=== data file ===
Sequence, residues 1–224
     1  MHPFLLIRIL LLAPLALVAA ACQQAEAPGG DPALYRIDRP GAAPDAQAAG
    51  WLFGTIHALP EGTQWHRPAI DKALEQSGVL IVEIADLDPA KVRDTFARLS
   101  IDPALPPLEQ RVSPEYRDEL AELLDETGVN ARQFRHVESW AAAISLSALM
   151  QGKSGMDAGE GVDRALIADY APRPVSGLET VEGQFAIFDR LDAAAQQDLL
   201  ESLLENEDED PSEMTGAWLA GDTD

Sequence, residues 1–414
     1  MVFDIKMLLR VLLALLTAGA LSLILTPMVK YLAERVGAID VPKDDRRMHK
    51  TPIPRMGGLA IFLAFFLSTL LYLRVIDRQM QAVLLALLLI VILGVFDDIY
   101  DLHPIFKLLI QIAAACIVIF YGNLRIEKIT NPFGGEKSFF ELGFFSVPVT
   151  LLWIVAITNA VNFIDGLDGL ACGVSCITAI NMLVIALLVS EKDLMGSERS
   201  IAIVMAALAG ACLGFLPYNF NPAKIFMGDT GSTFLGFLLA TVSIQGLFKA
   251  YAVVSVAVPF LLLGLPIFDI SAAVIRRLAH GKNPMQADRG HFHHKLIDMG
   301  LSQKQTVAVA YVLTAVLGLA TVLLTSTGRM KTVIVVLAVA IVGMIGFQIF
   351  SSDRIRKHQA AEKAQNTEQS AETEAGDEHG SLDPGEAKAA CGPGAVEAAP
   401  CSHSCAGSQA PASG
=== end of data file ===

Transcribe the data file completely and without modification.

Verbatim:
Sequence, residues 1–224
     1  MHPFLLIRIL LLAPLALVAA ACQQAEAPGG DPALYRIDRP GAAPDAQAAG
    51  WLFGTIHALP EGTQWHRPAI DKALEQSGVL IVEIADLDPA KVRDTFARLS
   101  IDPALPPLEQ RVSPEYRDEL AELLDETGVN ARQFRHVESW AAAISLSALM
   151  QGKSGMDAGE GVDRALIADY APRPVSGLET VEGQFAIFDR LDAAAQQDLL
   201  ESLLENEDED PSEMTGAWLA GDTD

Sequence, residues 1–414
     1  MVFDIKMLLR VLLALLTAGA LSLILTPMVK YLAERVGAID VPKDDRRMHK
    51  TPIPRMGGLA IFLAFFLSTL LYLRVIDRQM QAVLLALLLI VILGVFDDIY
   101  DLHPIFKLLI QIAAACIVIF YGNLRIEKIT NPFGGEKSFF ELGFFSVPVT
   151  LLWIVAITNA VNFIDGLDGL ACGVSCITAI NMLVIALLVS EKDLMGSERS
   201  IAIVMAALAG ACLGFLPYNF NPAKIFMGDT GSTFLGFLLA TVSIQGLFKA
   251  YAVVSVAVPF LLLGLPIFDI SAAVIRRLAH GKNPMQADRG HFHHKLIDMG
   301  LSQKQTVAVA YVLTAVLGLA TVLLTSTGRM KTVIVVLAVA IVGMIGFQIF
   351  SSDRIRKHQA AEKAQNTEQS AETEAGDEHG SLDPGEAKAA CGPGAVEAAP
   401  CSHSCAGSQA PASG